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Johann Sebastian BACH (1685-1750)
The Six Partitas
Partita no. 1 in B flat major, BWV 825 [18:21]
Partita no. 2 in C minor, BWV 826 [20:52]
Partita no. 4 in D major, BWV 828 [33:38]
Partita no. 3 in A minor, BWV 827 [19:42]
Partita no. 5 in G major, BWV 829 [23:05]
Partita no. 6 in E minor, BWV 830 [34:18]
Angela Hewitt (piano)
rec. 2018, Das Kulturzentrum Grand Hotel, Dobbiaco, Italy.
HYPERION CDA678271/2 [72:52 + 77:04]

This is Angela Hewitt’s second recording of Bach’s Six Partitas, the first from 1996/7 having been reviewed by Kirk McElhearn, and also reappearing in Hewitt’s big Bach box set which I reviewed back in 2010 and still keep close to hand in case my flat catches fire.

Angela Hewitt has re-recorded the Goldberg Variations (review) as well as the Well-Tempered Clavier in 2008, and each new version has yielded a layer of extra expressiveness and a certain added flexibility in terms of rubato. This is also the case with The Six Partitas as a quick listen to the Allemande of BWV 825 shows, with a more weighted placement of certain notes that ends up pulling the tempo around a good deal more than the 1996 recording. These are occasional trade-offs against what you’re used to rather than criticisms. Hewitt in her preamble to the booklet notes proper advises us not to “expect huge differences of Gouldian proportions. An Allemande is still an Allemande, a French Courante should still not be rushed: a gigue must remain danceable. Twenty years of life have intervened – twenty years spent practising his music, always trying to do better, to bring it to life even more.”

Following expectations, timings are a little longer in this new recording when compared to the 1990s set. Sarabande movements are a touch more thoughtful, but each of the minuet and gigue movements keep their dance energy, some even having been tightened up a little as time has passed. The order of the programme is the same, a sequence that works very well. The recording is set in a more resonant acoustic, which helps with the more lyrical feel in Hewitt’s playing. She still barely touches the pedal but there is a deliciously supple tension between the notes in a movement such as the Allemande of BWV 826 which is present in the older recording, and now enhanced with a fractionally more measured tempo in the new one.

As Hewitt herself indicates, there are no extremes or shocking surprises from one recording to the other, but the qualities of musical thought have evolved and are delivered with a sensation of quiet joy that is infectious. Hewitt records here on her own Fazioli piano, and the control and range of colour in her playing is reflected in response to a very fine and deeply familiar instrument. Another player who makes Bach sound utterly natural on a modern grand piano is Murray Perahia, and I had a listen to his Sony Classics recording of BWV 829 by way of comparison. The playing here is delightful and refined, tempi not dissimilar to Hewitt’s and with a comparable lightness of touch. Perahia’s pellucid Sarabande is hard to beat here, Hewitt’s rather slower tempo – almost six minutes to Perahia’s 4:20 – almost pushing the boundary at which Bach’s logic begins to break down. This is, however, a maximum contrast to the feeling of sheer joy in the music Hewitt expresses elsewhere in the work, and her performances are of the kind that always make you want to hear more, and hear again.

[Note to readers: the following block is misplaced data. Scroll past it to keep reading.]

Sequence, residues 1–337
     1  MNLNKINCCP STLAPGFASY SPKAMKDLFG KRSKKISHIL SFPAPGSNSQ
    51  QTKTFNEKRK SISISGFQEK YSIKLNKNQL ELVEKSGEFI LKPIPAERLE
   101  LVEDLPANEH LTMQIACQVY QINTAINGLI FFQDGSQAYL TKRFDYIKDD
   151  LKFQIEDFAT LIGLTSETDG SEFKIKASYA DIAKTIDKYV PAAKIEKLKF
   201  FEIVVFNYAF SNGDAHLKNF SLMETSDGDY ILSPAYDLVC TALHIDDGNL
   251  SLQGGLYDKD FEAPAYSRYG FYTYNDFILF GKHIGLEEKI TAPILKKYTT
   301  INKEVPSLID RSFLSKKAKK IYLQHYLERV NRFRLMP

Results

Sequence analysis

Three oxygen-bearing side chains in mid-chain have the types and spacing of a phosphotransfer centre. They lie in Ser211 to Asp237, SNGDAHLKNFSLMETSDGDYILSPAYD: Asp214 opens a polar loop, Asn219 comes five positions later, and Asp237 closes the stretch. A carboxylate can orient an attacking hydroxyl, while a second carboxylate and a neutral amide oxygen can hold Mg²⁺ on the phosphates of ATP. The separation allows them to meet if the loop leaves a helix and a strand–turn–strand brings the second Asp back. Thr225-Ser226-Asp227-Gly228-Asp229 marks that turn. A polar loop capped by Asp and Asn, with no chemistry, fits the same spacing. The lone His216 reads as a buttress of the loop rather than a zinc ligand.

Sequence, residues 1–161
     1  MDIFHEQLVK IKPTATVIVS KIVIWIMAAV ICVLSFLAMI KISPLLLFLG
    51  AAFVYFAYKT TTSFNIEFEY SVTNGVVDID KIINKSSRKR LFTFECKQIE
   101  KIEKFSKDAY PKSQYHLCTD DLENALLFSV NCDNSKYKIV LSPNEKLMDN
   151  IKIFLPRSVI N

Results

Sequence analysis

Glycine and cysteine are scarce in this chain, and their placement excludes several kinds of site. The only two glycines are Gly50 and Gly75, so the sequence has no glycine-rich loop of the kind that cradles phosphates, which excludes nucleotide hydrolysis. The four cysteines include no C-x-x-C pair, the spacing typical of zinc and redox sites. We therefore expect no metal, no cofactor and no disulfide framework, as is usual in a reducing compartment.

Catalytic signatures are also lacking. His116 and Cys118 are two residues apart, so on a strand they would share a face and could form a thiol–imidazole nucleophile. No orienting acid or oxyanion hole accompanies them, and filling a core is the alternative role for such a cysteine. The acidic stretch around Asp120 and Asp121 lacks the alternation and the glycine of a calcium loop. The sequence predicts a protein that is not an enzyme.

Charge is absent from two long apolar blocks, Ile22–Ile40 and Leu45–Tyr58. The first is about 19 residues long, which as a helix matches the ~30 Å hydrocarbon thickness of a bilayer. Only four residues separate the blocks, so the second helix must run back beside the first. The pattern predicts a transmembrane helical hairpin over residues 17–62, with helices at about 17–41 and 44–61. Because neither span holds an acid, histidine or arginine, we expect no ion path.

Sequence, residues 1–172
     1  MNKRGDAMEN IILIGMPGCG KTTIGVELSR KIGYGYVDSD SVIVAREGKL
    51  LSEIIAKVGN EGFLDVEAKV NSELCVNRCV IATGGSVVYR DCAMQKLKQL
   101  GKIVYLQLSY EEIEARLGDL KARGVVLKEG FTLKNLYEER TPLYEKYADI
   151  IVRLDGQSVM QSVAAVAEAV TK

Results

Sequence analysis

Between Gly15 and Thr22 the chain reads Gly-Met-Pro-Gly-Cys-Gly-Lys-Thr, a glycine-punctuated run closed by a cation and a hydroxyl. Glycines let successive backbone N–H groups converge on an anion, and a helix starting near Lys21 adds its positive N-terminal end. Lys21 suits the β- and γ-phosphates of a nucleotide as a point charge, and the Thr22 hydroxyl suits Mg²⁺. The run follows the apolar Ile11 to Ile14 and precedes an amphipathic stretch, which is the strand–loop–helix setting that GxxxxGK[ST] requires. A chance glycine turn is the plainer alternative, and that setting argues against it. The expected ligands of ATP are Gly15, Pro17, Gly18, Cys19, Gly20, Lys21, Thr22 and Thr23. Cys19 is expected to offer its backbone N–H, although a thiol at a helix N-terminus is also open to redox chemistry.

Does this new set of Bach’s Six Partitas replace Angela Hewitt’s previous recording? In many ways yes, but I still very much enjoy the slightly more astringent earlier recordings of all her Bach on Hyperion, so certainly will not be abandoning them. If there is a set to challenge Hewitt’s on a modern instrument then I would have to look towards Igor Levit on Sony Classics (review). Re-listening I was reminded of that subtle extra layer of romanticism Levit manages to give to his Bach – an expressive filter that still manages to retain a convincing Bach idiom. Hewitt is by no means dry in this regard, but her filter is one that, to my ears, takes us a touch closer to the composer as opposed to the performer. Just compare that magnificent Sarabande in BWV 830, to which Hewitt gives superlative poetic expression. Levit here is more compact in terms of tempo and is also excellent, but also seems to give more of the impression of a Liszt transcription in the way he spreads those chords. Who knows which Bach would have preferred, but for profundity of experience I’m casting my vote for Hewitt.

Dominy Clements

Previous review: Stephen Greenbank

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